Entertainment, Health and Lifestyle

More Creative Ways My Clever Readers Save Time and Money

Sometimes, I wonder how “Everyday Cheapskate” readers discover their handy ideas. I mean, who would have thought something that cleans brake parts would also remove stains from clothes?


I have found that using my husband’s brake parts spray cleaner, Brakleen, works really well for getting out grease stains. It doesn’t affect the color and works when other stain removers have failed, even if the item has already been washed and dried. — Cam

(You should always, without fail, test any stain treatment in an inconspicuous place first to make sure your fabric is colorfast. These days, most are, but please, do not assume anything.)


Our town has two thrift shops that accept worn-out clothes. They remove the buttons and sell those. Then they bag up the clothes and sell them to a “rag man,” who gives them 7 cents per pound. So, really, nothing has to go to waste. I’ve begun doing this myself. My kids love the buttons for craft projects, and I make good use of the rags, too. — Marcelle


Mary’s tip about turning leftover salad into soup is genius. My Greek salad from a recent dinner did not end up in the disposal. Instead, it crossed the Mediterranean and changed nationalities — becoming gazpacho the next night. I did what Mary suggested, tossing the leftovers in the blender and adding a little V8 juice. — Betsy


I have always had very strong body odor. It didn’t matter what kind of deodorant or antiperspirant I used; it never worked. Then I heard that regular milk of magnesia worked as a daily deodorant. I tried it, and I’ve been using it for over a decade. I pour a little bit of the store-brand milk of magnesia on a cotton square and then pat it on my armpit and repeat with the other armpit. A little bit lasts all day. Milk of magnesia can dry out quickly in the bottle, so just add a little water, and shake well. — Lynda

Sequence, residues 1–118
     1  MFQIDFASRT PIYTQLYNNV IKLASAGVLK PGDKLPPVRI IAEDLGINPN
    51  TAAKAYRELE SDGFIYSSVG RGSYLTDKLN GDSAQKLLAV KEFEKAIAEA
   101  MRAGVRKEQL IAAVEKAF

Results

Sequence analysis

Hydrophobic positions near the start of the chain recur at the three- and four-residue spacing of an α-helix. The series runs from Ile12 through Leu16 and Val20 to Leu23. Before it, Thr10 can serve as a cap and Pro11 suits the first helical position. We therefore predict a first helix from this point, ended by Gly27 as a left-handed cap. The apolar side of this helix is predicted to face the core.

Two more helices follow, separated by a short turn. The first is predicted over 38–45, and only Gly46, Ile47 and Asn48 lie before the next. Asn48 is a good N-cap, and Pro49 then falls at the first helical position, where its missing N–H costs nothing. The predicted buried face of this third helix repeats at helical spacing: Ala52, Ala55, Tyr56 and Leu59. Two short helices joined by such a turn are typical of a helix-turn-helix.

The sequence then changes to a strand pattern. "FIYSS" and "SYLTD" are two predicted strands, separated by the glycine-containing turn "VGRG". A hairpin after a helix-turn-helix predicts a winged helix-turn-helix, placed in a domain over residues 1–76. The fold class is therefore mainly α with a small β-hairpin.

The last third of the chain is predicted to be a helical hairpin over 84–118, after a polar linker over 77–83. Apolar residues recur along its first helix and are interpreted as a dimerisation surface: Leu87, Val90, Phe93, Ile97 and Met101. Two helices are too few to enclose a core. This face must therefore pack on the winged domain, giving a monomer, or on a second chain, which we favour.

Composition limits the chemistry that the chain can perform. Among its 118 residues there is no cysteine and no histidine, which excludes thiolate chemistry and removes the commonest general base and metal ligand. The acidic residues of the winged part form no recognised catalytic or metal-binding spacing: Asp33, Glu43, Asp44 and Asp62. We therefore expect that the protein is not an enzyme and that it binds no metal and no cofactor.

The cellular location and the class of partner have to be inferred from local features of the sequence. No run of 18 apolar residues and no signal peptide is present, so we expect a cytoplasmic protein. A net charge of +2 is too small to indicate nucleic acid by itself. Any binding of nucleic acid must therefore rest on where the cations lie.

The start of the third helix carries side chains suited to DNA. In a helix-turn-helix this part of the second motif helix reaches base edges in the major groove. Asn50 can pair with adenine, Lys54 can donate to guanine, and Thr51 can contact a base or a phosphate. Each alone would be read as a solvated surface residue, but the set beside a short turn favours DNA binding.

When I bake brownies, I cut them with a plastic knife when they are still warm. The brownies don’t stick to the plastic knife or roll up when cut, but you have to cut them while they are warm. — Sally


Ever since reading about the tip to cut open a tube of lotion to get to the last bit of product, I’ve been amazed at how much I’d been wasting all these years. (I’ve even started to wrestle open the pump bottles with a pair of pliers to get that last bit of eye cream!) Here’s how I store that last bit of lotion to avoid it drying out: As a contact lenses wearer, I have many extra contact cases and realized they make perfect storage containers for those last lotion bits. As an added bonus, these containers are perfect for travel. I write the contents on the lid and take my pomade, hair gel, eye cream, etc., without the bulk. — Kate


We have a lot of wasps in the summer, and commercial wasp traps at my grocery store cost $12.99 each, so I make my own. I take an empty plastic sports drink container, cut the top off just below the point where it tapers and then invert the top and place it inside the bottom portion, put in a couple of inches of sugary juice, and set it on my deck.

The wasps fly or crawl into the bottle but can’t figure out how to get out. They eventually die. It works like a charm, and it’s free! When the trap gets full, I toss it and make another one! — Linda

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Mary Hunt

Mary invites you to visit her at EverydayCheapskate.com, where this column is archived complete with links and resources for all recommended products and services. Mary invites questions and comments at https://www.everydaycheapskate.com/contact/, "Ask Mary." Tips can be submitted at tips.everydaycheapskate.com/ . This column will answer questions of general interest, but letters cannot be answered individually. Mary Hunt is the founder of EverydayCheapskate.com, a frugal living blog, and the author of the book "Debt-Proof Living."

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